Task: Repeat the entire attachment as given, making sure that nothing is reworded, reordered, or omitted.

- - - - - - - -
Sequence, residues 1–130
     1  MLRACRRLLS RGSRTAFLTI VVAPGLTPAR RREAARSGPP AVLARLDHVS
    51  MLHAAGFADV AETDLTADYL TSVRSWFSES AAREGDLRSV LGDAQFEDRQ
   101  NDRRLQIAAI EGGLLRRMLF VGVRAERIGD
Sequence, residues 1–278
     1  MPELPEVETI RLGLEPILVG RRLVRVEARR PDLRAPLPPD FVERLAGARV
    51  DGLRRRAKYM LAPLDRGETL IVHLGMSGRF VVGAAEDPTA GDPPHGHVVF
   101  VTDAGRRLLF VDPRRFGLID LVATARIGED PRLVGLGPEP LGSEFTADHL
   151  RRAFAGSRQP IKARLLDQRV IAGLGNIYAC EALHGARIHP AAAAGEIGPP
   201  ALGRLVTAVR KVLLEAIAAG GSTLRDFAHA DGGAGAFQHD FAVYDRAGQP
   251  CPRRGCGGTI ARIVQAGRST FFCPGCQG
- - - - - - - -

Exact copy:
Sequence, residues 1–130
     1  MLRACRRLLS RGSRTAFLTI VVAPGLTPAR RREAARSGPP AVLARLDHVS
    51  MLHAAGFADV AETDLTADYL TSVRSWFSES AAREGDLRSV LGDAQFEDRQ
   101  NDRRLQIAAI EGGLLRRMLF VGVRAERIGD
Sequence, residues 1–278
     1  MPELPEVETI RLGLEPILVG RRLVRVEARR PDLRAPLPPD FVERLAGARV
    51  DGLRRRAKYM LAPLDRGETL IVHLGMSGRF VVGAAEDPTA GDPPHGHVVF
   101  VTDAGRRLLF VDPRRFGLID LVATARIGED PRLVGLGPEP LGSEFTADHL
   151  RRAFAGSRQP IKARLLDQRV IAGLGNIYAC EALHGARIHP AAAAGEIGPP
   201  ALGRLVTAVR KVLLEAIAAG GSTLRDFAHA DGGAGAFQHD FAVYDRAGQP
   251  CPRRGCGGTI ARIVQAGRST FFCPGCQG